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stoner_witch
27 June 2011 @ 11:07 pm
Still alive and well and living in.

In case anyone was wondering.
 
 
 
stoner_witch
03 January 2011 @ 01:01 pm
1. What did you do in 2010 that you'd never done before?
Have extended stays in a hospital.

2. Did you keep your new years' resolutions, and will you make more for next year?
Spend no money at all to see if I can do it. There are details to this plan that I cannot get into here, but it's a plan.

3. Did anyone close to you give birth?
There are a lot of pregnancies but no one's been brought into the world.


4. Did anyone close to you die?
Gabrielle Bouliane. I don't think I will ever get over it.


5. What countries did you visit?
Nowhere.


6. What would you like to have in 2011 that you lacked in 2010?
Gainful employment and better health.

7. What date from 2010 will remain etched upon your memory, and why?
January 29th, the day Gabrielle died. The next day I was diagnosed with Colon Cancer.

8. What was your biggest achievement of the year?
Living past June. 

9. What was your biggest failure?
Not writing enough. Not letter people know how much I love them while they're alive.

10. Did you suffer illness or injury?
Stage IV Colon Cancer, but I'm doing really well in spite of it.

11. What was the best thing you bought?
6 Qt. Lodge Dutch Oven.

12. Whose behavior merited celebration?
My wife Carole. She's been a rock through all this madness. I'd not be alive without her.

13. Whose behavior made you appalled and depressed?
David Cohen. I gave him a place to live when he and his wife were evicted from their home in the desert and he did nothing but complain. He finally moved out in January of this year, but we're still pissed at him for beaming out such negative energy and pretty much bumming everyone out. I stopped hanging around the guy because I can't afford his energy around me and he doesn't pay rent for occupation in my head.

14. Where did most of your money go?
My kids.

15. What did you get really, really, really excited about?
Getting a letter on Christmas Eve from my oncologist that began with the line, "I have good news for you..." 

16. What song will always remind you of 2010?
"Radiation Vibe" by Fountains of Wayne

17. Compared to this time last year, are you:
a. happier or sadder? Happier
b. thinner or fatter? Thinner
c. richer or poorer? Poorer

18. What do you wish you'd done more of?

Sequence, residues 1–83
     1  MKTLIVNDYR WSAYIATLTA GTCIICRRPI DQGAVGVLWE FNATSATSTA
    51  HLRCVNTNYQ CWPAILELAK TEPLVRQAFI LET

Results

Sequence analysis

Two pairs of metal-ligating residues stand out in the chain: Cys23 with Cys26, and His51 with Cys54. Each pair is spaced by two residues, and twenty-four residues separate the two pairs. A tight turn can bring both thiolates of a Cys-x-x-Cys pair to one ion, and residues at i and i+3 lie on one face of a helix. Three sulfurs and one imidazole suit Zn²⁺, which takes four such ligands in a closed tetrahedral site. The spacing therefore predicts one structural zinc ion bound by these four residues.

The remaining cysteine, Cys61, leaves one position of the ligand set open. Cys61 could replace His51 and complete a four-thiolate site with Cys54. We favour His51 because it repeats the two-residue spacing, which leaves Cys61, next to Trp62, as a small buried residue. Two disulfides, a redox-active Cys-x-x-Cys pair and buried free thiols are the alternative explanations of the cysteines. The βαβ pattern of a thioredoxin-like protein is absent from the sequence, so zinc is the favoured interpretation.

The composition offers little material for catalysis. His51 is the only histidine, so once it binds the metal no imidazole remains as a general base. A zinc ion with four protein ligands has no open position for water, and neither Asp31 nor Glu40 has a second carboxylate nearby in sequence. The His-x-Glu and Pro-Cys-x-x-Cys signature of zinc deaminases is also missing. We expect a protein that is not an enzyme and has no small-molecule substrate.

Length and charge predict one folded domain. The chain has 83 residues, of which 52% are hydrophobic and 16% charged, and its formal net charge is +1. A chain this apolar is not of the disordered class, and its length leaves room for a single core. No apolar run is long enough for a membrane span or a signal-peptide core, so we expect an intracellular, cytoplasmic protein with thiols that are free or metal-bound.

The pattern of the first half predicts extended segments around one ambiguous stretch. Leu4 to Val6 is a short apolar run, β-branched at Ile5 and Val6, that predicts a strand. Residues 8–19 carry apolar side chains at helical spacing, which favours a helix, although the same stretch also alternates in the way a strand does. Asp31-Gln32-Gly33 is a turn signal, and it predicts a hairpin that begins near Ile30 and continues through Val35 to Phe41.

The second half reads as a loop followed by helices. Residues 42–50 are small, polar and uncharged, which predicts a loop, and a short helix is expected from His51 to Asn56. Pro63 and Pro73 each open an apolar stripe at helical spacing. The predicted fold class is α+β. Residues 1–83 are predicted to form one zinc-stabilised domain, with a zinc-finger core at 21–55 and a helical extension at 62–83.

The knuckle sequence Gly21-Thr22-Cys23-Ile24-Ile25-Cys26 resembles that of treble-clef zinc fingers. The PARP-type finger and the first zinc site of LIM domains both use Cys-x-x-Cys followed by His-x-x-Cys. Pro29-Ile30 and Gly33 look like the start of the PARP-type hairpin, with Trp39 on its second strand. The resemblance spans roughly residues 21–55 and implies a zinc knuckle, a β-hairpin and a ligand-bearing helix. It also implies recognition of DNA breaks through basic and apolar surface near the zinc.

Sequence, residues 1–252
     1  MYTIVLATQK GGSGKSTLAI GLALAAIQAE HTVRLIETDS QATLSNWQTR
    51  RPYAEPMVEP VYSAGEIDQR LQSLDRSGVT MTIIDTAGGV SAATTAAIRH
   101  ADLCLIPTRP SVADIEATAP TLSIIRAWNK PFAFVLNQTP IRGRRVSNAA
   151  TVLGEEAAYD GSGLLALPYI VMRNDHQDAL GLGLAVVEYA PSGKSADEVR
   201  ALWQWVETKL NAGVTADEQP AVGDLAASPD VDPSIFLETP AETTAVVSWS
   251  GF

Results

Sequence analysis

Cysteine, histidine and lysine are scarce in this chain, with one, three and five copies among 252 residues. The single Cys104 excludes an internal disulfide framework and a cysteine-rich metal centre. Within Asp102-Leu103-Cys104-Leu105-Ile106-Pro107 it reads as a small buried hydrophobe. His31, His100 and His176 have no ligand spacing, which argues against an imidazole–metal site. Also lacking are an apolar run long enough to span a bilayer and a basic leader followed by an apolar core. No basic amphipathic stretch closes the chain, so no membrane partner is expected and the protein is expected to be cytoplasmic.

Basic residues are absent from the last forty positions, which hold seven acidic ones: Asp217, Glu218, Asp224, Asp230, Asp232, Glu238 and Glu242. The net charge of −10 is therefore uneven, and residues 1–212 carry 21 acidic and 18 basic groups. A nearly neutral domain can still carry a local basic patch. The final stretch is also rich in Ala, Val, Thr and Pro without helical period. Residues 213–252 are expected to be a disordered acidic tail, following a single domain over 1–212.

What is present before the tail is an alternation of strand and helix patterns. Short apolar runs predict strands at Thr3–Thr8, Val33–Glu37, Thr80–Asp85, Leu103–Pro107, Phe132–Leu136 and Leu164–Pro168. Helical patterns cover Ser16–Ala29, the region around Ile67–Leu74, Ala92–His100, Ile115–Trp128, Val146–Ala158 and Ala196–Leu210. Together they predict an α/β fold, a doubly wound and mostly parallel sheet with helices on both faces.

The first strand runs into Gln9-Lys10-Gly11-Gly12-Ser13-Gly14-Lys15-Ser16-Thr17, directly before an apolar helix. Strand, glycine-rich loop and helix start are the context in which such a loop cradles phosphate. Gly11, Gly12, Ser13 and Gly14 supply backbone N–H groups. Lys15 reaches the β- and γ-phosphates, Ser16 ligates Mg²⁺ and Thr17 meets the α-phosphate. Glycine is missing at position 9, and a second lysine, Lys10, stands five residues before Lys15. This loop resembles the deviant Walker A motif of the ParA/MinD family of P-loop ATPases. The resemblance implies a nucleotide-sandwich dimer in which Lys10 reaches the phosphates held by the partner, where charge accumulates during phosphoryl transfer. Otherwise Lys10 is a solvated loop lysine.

Spent less time in bed.

19. What do you wish you'd done less of?
Fretted less over things that I have no control over.

20. How will you be spending Christmas?
With my family, as usual.

22. Did you fall in love in 2008?
Just the usual suspects. Carole, Medbh, Nick, Nezzie, Claire...

23. How many one-night stands?
None. That's in the past.

24. What was your favorite TV program?
Deadliest Catch

25. Do you hate anyone now that you didn't hate this time last year?
I try not to hate. It's a nasty word.

26. What was the best book you read?
Get Up: A 12-step Guide to Recovery for Misfits, Freaks, and Weirdos by Bucky Sinister
Even if you don't think you need it, read it. It'll hip you to some concepts that will change the way you think about the 12-Step world.


27. What was your greatest musical discovery?
Ida Maria

28. What did you want and get?
Better health.

30. What was your favorite film of this year?
I didn't get a chance to see any movies this year. I really enjoyed HBO's Brothers In Arms, though. Highly recommended.

31. What did you do on your birthday, and how old were you?
I turned 46 and had a huge birthday party I called "Beatin' the Odds," in recognition that I'm winning my battle with cancer.

32. What one thing would have made your year immeasurably more satisfying?
Not getting sick.

33. How would you describe your personal fashion concept in 2008?
Paisley print colostomy bags. I refer to it as my fashion accessory. Not everyone gets the joke.

34. What kept you sane?
Carole

35. Which celebrity/public figure did you fancy the most?
Barack Obama

36. What political issue stirred you the most?
The passing of the Healthcare law.

37. Who did you miss?
Gabrielle Bouliane, more these days than ever.

38. Who was the best new person you met?
Tom Bouliane, Gabrielle's father.

39. Tell us a valuable life lesson you learned in 2008:
Never underestimate the power of friendship.

40. Quote a song lyric that sums up your year:
"The way out is the way in... The way out is the way in..."
 Rush

41. Who did you spend the most time on the phone with?
Daisy from Cigna/GreatWest Healthcare

42. What LJ users did you meet for the first time?
No one, this year.
 
 
 
 
 
stoner_witch
23 September 2010 @ 03:13 pm
(Ignore the Yahoo Entertainment notice placed here by FB)...

I've been getting a few emails about my illness and all that.

I will add more to my cancer chronicles soon--it's really the hardest part to write about--but for now please know that I'm doing really well and don't even look sick.

Thanks for asking, though.

Much love to everyone.
 
 
Current Mood: indifferentindifferent
 
 
 
stoner_witch
26 July 2010 @ 06:13 pm

Carole put me on her insurance in January, just prior to me receiving my diagnosis. Lucky for me, not so lucky for the insurance company who initially threw up the "pre-existing condition clause" at all my claims, but they've come around after I proved prior coverage from my insurance at Zones. I thought that the pre-existing clause was out the door with the passing of Obama's Healthcare law, but it doesn't actually kick in until 2014. The net result is that the insurance companies are all going to be throwing the pre-existing condition clause and many of the claims until it's outlawed, or so the administrators at the hospital tell me.